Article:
What's It Like to be Part of a Generative AI Startup?

When building an ecosystem of hardware and software products that enable generative autonomy, it’s all hands on deck. Every line of code and every unit test is a necessary piece to achieving the goals in PassiveLogic’s product architecture (the masterplan, if you will.)

Achieving this technically-intensive effort requires focused contributors who take on important projects within our architecture. PassiveLogic provides interns the opportunity to play a part in developing this technology. Below, we share insights from our latest cohort of interns and their stories about working at PassiveLogic.

Internships that Matter

PassiveLogic has developed great breadth across multiple engineering and design disciplines that enables us to build the first platform for generative autonomy. Interns work across that breadth, participating in our teams and adding to our momentum. This is made possible through identifying stretch projects for the intern that fulfill consequential work streams within our overall platform development.

For Aidan Terlizzi, finding an internship where he could get involved in impactful development work was one of the important factors while job searching. “During the COVID-19 pandemic, I taught myself how to code outside of school. Every summer I’ve been doing software engineering internships to gain experience,” said Aidan, who is in his senior year at Rice University, completing a B.S. in Chemical and Biomolecular Engineering. “It’s rare to find a company that is an amalgamation of science and software. This was perfect for me because I wanted to find an internship that would incorporate the valuable concepts I learned during my degree, as well as the software engineering skills I learned in my own time.”

Prior to his internship at PassiveLogic, Aidan created an AI tool that used natural language processing to carry out automatic edits on college essays as they were being written. At PassiveLogic, Aidan uses similar methods to build a tool that creates generative digital twins using large language models (LLM). The tool can generate a full 3D floor plan according to chat prompts such as “build a house that has on the first floor: a living room, dining room, and three bedrooms.”


Left to right: Aidan Terlizzi, Majid Karami, Bhavik Rathod, Kavin Sundarnath. J

Saugat Tripathi, our BLE Wireless Intern, found PassiveLogic’s job description intriguing as it mentioned working with “new kinds of wireless comms and algorithms.” This aligned with his M.S. in Electrical and Computer Engineering at Miami University, where his thesis focused on wireless communication, machine learning, and deep reinforcement learning for optimizing wireless comms networks using drone-based communication systems. At PassiveLogic, he currently works on BLE Mesh based algorithm development.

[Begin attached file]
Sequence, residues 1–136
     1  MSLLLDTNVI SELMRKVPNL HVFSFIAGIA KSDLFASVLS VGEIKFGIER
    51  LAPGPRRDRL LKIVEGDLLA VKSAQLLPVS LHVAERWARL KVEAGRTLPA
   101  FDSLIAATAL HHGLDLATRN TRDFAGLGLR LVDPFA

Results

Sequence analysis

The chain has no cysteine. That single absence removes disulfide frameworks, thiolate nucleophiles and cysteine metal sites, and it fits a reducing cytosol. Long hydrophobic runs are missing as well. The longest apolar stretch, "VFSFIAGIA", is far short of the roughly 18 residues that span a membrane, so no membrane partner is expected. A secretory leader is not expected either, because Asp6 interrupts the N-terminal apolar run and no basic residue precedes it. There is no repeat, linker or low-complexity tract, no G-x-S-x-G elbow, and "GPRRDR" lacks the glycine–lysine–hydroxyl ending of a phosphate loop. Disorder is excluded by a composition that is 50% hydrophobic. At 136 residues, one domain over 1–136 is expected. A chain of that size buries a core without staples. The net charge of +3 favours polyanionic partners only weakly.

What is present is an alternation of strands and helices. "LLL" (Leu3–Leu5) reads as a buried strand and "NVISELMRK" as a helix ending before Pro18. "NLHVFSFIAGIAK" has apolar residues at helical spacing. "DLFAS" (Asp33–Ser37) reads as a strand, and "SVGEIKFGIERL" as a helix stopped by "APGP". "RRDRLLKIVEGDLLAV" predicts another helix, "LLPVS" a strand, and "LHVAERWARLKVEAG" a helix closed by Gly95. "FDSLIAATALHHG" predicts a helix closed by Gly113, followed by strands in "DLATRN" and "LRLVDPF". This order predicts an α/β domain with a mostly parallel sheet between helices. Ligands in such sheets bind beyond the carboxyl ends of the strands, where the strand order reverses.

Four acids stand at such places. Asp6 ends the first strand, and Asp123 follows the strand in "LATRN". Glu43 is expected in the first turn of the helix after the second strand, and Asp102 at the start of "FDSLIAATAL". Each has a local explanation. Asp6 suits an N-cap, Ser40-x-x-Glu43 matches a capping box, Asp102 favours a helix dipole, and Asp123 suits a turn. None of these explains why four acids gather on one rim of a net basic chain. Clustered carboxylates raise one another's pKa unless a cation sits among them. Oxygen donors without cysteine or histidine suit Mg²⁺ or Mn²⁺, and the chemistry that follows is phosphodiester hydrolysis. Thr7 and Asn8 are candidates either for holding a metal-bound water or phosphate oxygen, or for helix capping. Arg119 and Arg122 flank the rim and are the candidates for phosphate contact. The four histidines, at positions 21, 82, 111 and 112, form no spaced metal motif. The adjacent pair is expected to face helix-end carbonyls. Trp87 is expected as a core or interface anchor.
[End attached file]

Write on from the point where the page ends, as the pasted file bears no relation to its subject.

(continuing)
For Geoffrey Turbeville, getting an internship where he could exercise his skills from an extensive career in construction and his engineering educational background was a rare find. Geoffrey recently completed his Bachelors of Engineering in Mechanical Engineering at The City College of New York. At PassiveLogic, Geoffrey blends his hands-on field experience with education as an Applied Building Scientist and Field Service Technician. His unique background made him a perfect fit to traverse both roles, which involves maintaining PassiveLogic’s alpha site testing grounds and analyzing their performance.

As part of the Verification and Validation team, Geoffrey’s work is essential to getting our alpha sites/external laboratories ready for the next phase of field testing.

Developing a Continuous Learning Mindset


Left to right: Rachel Molen, An Dang, Eden Harvey, Shishir Yalburgi

We often tell our employees that “your success is only limited by your enthusiasm.” Our internships are designed to provide dedicated interns an opportunity to transition into full-time employment. We aim to set our interns up for success by instilling in them an understanding that real growth is not measured by regimented management tiers, but by continuously learning, trying new things, and perfecting your craft. In fact, being able to enthusiastically take part in uncharted territory is not just a “nice to have”, its something we’re looking for in every person who applies for a job at PassiveLogic.

Our interns hold this mindset of innovation and growth. Rachel Molen is an intern on our AI team who recently graduated with a B.S. in Applied and Computational Mathematics Emphasis and a Minor in Music at Brigham Young University. Within her first 3 months here, Rachel created a tool that visualizes optimization simulations. In a building, there are a lot of high-dimensional equations and functions going on, so Rachel’s tool visualizes those dimensions in a meaningful and clear way. “Other PassiveLogic engineers can use the tool I created to see what the cost function looks like in lower dimensions. This can be especially helpful when dealing with gradient descent parameter-tuning, as gradient descent sometimes picks local minima over global if we start the algorithm at certain coordinates or set the step-size too large.”